• Evolve an institutionalised system of de-inducting `select’ in-service equipment, with adequate residual service life, to be refurbished and exported at affordable cost to developing countries in need. Products under this category would need careful identification.
  • Ensure timely achievement of targets laid down in the `Positive Indigenisation Lists.’
  • Refining the policy, system, and organisational structure for executing offsets discharge in India by foreign vendors and crediting these to OEMs. The problem being faced currently is more in execution, than the policy.
  • Create a robust `Export Planning and Control Organisation’ (as against the current system of these being cleared by a committee comprising of RM, EAM, and NSA[8]) to identify likely recipients, and their specific needs and to regulate production and exports. The trends and requirements emerging from ongoing conflicts must also be analysed by this organisation. The emphasis on exports should shift to high–tech high value than low-tech – low-value equipment.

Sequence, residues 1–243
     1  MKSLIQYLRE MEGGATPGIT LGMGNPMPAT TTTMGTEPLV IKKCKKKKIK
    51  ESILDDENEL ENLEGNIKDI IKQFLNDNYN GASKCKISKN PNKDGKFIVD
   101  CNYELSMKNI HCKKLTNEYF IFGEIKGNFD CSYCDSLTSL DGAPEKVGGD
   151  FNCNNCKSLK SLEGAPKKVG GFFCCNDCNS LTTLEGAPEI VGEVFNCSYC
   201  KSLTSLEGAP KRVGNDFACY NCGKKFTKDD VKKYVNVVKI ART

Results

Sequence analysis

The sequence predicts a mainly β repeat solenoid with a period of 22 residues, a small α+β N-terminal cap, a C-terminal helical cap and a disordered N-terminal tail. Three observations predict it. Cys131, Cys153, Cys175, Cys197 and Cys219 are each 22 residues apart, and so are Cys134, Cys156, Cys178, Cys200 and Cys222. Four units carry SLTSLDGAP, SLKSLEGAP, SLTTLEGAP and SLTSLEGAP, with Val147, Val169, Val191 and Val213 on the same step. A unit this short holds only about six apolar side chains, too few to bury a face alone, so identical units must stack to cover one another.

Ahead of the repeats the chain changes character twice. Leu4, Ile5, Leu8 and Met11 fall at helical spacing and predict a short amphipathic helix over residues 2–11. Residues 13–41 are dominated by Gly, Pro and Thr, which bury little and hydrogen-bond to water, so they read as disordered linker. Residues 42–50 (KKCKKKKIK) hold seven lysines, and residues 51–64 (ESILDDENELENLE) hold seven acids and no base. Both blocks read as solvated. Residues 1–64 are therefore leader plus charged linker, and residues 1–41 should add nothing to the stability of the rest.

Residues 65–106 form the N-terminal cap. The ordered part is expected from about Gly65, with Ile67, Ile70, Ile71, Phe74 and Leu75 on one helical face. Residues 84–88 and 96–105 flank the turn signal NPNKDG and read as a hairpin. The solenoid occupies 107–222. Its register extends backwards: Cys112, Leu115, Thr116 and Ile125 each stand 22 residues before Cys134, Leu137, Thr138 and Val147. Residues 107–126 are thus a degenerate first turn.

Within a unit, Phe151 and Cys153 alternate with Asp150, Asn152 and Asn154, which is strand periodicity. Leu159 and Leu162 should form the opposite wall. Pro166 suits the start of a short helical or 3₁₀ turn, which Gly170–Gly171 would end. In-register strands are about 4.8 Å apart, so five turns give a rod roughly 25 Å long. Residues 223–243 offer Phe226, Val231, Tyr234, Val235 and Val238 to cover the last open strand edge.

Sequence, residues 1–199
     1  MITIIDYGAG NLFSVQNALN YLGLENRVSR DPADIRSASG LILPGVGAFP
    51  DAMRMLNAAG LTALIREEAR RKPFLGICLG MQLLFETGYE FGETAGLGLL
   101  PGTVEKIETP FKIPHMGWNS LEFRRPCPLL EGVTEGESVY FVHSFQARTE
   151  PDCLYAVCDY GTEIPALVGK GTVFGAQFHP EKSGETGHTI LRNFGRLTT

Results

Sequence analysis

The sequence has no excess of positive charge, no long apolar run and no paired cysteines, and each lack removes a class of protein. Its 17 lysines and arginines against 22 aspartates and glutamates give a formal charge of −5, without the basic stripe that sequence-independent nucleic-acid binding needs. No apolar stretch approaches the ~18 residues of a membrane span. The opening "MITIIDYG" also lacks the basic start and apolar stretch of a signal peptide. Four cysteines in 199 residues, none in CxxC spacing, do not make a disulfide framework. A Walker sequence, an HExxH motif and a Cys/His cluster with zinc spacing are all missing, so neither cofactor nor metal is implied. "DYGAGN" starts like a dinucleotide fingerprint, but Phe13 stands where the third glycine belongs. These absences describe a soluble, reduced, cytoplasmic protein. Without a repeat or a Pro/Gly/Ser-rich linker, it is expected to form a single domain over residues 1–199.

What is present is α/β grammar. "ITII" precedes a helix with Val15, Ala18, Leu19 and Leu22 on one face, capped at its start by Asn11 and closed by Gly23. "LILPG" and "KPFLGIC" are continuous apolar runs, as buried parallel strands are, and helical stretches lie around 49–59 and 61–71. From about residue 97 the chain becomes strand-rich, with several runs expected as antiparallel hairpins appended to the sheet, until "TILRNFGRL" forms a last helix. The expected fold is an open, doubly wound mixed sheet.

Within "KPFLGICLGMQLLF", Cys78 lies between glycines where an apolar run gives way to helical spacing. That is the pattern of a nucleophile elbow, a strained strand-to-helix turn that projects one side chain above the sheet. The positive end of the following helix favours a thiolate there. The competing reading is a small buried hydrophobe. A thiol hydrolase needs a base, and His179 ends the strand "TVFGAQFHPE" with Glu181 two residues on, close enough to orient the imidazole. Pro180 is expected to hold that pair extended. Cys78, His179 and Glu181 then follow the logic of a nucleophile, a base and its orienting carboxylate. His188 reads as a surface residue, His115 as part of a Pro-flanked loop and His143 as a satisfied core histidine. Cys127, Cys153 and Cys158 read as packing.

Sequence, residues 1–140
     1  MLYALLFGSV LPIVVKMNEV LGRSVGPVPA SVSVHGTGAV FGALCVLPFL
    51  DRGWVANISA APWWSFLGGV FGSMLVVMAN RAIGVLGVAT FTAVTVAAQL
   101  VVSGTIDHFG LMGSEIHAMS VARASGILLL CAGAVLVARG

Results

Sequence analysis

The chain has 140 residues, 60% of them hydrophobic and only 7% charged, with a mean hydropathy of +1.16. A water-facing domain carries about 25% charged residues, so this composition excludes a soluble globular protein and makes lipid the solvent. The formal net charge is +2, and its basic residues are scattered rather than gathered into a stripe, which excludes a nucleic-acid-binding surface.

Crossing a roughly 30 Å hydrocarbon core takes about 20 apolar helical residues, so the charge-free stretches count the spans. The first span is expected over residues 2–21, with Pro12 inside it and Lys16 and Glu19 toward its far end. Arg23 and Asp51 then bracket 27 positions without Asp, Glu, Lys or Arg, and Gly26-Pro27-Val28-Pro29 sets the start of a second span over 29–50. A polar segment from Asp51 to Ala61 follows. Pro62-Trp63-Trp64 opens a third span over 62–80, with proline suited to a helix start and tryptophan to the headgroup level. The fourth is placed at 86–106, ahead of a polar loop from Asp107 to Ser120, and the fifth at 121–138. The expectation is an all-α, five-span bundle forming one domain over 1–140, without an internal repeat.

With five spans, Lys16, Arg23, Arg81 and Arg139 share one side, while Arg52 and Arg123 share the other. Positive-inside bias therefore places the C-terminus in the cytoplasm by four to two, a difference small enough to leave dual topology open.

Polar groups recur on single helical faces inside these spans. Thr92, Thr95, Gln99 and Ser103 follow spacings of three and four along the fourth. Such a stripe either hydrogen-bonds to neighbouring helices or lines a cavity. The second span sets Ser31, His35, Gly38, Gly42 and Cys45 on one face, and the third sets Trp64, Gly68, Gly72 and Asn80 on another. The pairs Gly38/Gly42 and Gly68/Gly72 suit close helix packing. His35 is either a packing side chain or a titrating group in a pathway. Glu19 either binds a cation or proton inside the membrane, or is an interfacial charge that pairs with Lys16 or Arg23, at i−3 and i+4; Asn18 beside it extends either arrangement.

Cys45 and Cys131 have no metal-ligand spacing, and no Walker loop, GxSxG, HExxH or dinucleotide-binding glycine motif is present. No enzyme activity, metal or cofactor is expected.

• Maintaining very high ethical standards of confidentiality of IPRs and technology sourced, and strict adherence to the norms of `Multilateral Export Control Regimes’ of which India is a signatory - the Wassenaar Arrangement (export of conventional arms and dual-use goods and technologies); Australia Group (related to Chemical weapons); and MTCR (export of missiles capable of delivering WMD).
  • Ensuring high quality of products exported and providing reliable sustenance support, including setting up MRO facilities, where required.
  • A concerted effort to seize the space (still available) in the field of application of emerging technologies for non-military and military use, in which the Indian innovators excel globally. This, in the long run, will enable capability development and commercial monetisation.

India’s journey in defence exports has `well-begun.’ Securing a place in this highly competitive field requires persistent and focused effort, suggestions for which have been made in this analysis.

References